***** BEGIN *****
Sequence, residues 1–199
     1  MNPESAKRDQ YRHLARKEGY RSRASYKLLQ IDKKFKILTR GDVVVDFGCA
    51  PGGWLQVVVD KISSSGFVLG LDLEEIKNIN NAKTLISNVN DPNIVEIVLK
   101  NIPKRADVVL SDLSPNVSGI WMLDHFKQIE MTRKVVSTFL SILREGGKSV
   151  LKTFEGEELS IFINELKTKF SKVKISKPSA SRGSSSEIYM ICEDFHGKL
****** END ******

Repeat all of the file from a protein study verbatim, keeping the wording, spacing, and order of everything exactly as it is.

Sequence, residues 1–199
     1  MNPESAKRDQ YRHLARKEGY RSRASYKLLQ IDKKFKILTR GDVVVDFGCA
    51  PGGWLQVVVD KISSSGFVLG LDLEEIKNIN NAKTLISNVN DPNIVEIVLK
   101  NIPKRADVVL SDLSPNVSGI WMLDHFKQIE MTRKVVSTFL SILREGGKSV
   151  LKTFEGEELS IFINELKTKF SKVKISKPSA SRGSSSEIYM ICEDFHGKL